Friday, January 12, 2018




Saturday, January 6, 2018


It started out as a gorgeous, but frigid day.
No more solar gain but the tarp went up and the salamander had fuel so
Ryan could work. I don't know how comfortable he was. He is, however, hardy and strong. We are grateful
I wish I had been present for this. I would have put a pair of red pumps under that chimney.
 It's not you, it's the photo.
Better focus.

Friday, December 29, 2017


We are still in the clutches of this deep freeze. Yesterday morning the wind chill was 30 below and while the guys had planned to work on the chimney from the roof down. They changed their minds when they got here.  Yep. I was relieved. 

Flue blocks are big and heavy as is the flue itself.  Our "attic" is cold and there isn't a lot of room between the roof joists. I don't know how but they managed to set those blocks and the flue to within 6 inches of the roof. (You can't see the other person but trust me he is there. ) There is no choice now.  To finish placing the other flue blocks they have to get on the roof and drop them in from above.    

Today it was still sub-zero and windy again.   Not a day to be cutting a hole in the roof and trying to set block.  Instead, they finished up the pedestal and the hearth. 
It's a beautiful thing. 

Wednesday, December 27, 2017

Through the ceiling

 It happened. The chimney is through the ceiling. Tomorrow they plan to take it through the "attic" and up through the roof.

I don't know.  NOAA predicts the high at MINUS SEVEN.  They can't really work from below. That means that they have to work up on the roof.  No real sun either. That's what saved us today. Solar gain.

I hid out in the basement sewing most of the day. That's my plan for tomorrow. Otherwise I will be fretting about frost bite and wind chill.

Monday, December 25, 2017

It all started

so innocently last spring. There was no heat in the new house. The gas line from the underground tank to the furnace leaked. The gas company would not unlock the tank until we fixed that leak. 

So we tried to stay warm with the fireplace.
That didn't work. It burned the fuel we provided; some actual hardwood firewood and the gawdawful late century wooden towel bars and other fixtures from the bathroom.  The heat went right up the chimney.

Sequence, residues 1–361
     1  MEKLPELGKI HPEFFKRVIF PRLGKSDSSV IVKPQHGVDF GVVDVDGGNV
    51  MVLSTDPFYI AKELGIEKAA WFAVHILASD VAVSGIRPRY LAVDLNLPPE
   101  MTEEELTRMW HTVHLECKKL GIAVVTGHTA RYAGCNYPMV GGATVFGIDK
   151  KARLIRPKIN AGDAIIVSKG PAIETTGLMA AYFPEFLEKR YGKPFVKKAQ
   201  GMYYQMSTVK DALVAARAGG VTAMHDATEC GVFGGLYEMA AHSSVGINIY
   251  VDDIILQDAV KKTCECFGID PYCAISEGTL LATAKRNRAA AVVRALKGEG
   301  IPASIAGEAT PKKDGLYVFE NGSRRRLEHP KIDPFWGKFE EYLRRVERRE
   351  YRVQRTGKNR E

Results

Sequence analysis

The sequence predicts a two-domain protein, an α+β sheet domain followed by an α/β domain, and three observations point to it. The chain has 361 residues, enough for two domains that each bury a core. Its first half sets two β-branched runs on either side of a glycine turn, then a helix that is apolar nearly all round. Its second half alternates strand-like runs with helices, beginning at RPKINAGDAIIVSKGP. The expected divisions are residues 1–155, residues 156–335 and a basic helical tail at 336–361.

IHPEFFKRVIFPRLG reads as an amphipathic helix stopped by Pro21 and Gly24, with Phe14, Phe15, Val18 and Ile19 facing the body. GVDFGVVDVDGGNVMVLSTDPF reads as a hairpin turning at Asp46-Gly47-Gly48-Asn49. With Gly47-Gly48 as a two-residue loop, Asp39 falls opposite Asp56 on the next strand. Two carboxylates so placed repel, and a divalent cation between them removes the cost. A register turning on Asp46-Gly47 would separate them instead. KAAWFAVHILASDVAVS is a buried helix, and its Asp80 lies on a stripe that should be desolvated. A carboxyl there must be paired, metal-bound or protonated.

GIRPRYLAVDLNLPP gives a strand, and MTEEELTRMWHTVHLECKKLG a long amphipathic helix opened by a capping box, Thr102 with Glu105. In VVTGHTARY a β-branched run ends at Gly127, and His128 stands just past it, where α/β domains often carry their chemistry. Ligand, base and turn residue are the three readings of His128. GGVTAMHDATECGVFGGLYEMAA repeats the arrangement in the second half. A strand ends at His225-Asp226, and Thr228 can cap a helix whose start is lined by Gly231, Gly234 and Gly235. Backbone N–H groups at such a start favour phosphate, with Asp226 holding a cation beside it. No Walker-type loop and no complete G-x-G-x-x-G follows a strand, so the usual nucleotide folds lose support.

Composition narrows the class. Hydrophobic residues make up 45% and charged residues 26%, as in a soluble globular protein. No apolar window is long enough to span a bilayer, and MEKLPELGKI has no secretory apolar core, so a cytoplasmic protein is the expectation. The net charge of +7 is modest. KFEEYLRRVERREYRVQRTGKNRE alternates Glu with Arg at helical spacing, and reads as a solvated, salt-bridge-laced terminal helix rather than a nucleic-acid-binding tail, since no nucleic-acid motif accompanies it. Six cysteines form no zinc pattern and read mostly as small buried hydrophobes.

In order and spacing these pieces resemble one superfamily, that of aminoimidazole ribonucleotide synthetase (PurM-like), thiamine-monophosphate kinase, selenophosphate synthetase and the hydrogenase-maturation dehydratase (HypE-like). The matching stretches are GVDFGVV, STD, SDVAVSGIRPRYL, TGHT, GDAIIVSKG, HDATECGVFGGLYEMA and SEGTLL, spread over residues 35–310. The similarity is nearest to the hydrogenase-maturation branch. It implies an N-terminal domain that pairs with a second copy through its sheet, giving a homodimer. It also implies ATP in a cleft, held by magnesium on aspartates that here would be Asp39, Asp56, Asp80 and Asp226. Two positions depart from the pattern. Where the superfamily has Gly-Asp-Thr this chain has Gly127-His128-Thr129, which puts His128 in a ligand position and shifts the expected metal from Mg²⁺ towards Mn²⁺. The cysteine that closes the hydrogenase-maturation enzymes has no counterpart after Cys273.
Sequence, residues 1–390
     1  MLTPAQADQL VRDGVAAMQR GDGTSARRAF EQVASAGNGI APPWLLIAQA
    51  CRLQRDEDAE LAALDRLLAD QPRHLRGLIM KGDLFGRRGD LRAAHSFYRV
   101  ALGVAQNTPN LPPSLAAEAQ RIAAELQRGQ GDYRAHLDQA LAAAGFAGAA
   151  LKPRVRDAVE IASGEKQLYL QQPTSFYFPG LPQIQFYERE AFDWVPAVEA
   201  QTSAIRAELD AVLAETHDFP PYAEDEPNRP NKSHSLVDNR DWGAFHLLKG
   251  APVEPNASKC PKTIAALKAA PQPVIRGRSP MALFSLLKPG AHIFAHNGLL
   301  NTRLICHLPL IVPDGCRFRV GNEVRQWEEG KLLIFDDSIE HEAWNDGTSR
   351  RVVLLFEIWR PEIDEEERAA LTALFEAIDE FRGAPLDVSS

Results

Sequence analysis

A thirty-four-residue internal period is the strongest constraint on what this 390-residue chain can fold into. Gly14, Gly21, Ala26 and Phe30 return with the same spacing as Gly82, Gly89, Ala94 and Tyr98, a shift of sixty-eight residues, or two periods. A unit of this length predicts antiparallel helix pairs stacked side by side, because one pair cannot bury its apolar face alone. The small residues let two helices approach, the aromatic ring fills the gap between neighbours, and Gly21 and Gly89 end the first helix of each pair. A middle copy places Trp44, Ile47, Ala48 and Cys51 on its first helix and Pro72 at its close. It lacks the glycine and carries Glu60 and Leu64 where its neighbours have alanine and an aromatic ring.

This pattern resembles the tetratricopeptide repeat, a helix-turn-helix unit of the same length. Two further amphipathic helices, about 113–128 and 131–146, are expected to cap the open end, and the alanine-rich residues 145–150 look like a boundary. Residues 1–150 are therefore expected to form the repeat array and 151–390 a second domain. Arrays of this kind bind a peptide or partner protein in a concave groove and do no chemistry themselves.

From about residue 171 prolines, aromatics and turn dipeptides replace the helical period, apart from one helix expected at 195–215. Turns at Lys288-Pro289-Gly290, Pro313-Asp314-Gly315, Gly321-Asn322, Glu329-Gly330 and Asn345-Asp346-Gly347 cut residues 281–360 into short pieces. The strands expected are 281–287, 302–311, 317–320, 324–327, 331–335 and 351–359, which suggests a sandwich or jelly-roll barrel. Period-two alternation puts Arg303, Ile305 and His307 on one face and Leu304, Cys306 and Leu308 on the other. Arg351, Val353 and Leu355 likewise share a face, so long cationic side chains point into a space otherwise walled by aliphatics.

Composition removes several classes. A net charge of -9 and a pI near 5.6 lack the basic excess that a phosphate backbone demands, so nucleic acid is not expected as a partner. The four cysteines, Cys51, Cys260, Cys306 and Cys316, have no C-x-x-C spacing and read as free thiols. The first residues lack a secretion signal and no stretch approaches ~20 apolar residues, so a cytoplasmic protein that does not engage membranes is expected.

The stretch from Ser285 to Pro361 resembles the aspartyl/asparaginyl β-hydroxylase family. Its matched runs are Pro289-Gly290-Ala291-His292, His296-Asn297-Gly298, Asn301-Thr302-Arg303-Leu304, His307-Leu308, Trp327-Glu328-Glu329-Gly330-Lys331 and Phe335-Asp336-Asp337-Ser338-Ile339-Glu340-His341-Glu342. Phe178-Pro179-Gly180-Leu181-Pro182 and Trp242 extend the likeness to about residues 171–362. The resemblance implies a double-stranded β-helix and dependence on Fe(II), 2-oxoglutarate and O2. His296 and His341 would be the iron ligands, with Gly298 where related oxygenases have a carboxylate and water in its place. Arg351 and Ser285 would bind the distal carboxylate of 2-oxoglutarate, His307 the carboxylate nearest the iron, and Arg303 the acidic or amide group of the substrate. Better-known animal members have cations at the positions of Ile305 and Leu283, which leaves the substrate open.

Our Hearthstone Heritage wood stove was our primary source of heat in the old house.  We barely burned fuel oil.  According to the specs, it can heat up to 1900 square feet. Our old house was 1800 square feet with original, single pane windows and DRAFTY.
 The new house is super well insulated and 1200 square feet.  We are pretty sure the Heritage is too big for the house.  Originally we thought we would leave it behind. In the end, I just couldn't do that. So we brought it with us.

Steven knows people who know masons. Nigh onto two months ago, Steven called Ryan who is renowned in these parts. He advised that he would be in touch. Two weeks ago he called.  About to start a job in the "money is different ski resort town" near us after the first of the year, he had a window of two weeks and he could work our job in. We said OK.

Demo began the next day.
Steven pried the bead board off carefully. I removed the nails. We will use the materials for something else, somewhere. We were touched by the message left by the builders. Ev and Jollie's son built that fireplace for them shortly after they moved in thirty years ago. I am sure they loved it. 
Were it more efficient, we would have loved it, too.

Before we started the project, I asked Steven why we were building a masonry (not masonary; no such word) chimney instead of just running stove pipe up through the roof. 

After we got to this point in the demolition, I understood why.   

Steven and I managed to get the stove off of the hearth. We even somehow managed to loosen the stove pipe. There was no way we were going to be able to move it more than that. 

Luckily Ryan and his tender had to come by to receive the first load of materials.

So they helped (did it themselves using an appliance dolly) move the old fireplace on out. 

Don't worry, he's a professional. 

I have no photos of the headers and re-framing. He's a professional and I was not around when he finished that up. 

It might not be evident from the photos, but the living room is a mess. There are tarps on the floor and plywood where there aren't tarps. There is dust everywhere. The furniture is pushed against the walls. We should be wearing hardhats, seriously.   I don't mind at all, though. This will be a beautiful thing. A very beautiful thing. 

That piece of insulation is covering a big hole in the ceiling. Steven cut through the sheet rock on Saturday when it was above freezing.  The chimney will pass through the roof and Ryan will build a little tent on top of the house so he can work. Projected high Thursday is 9 below. I don't know how he will do it.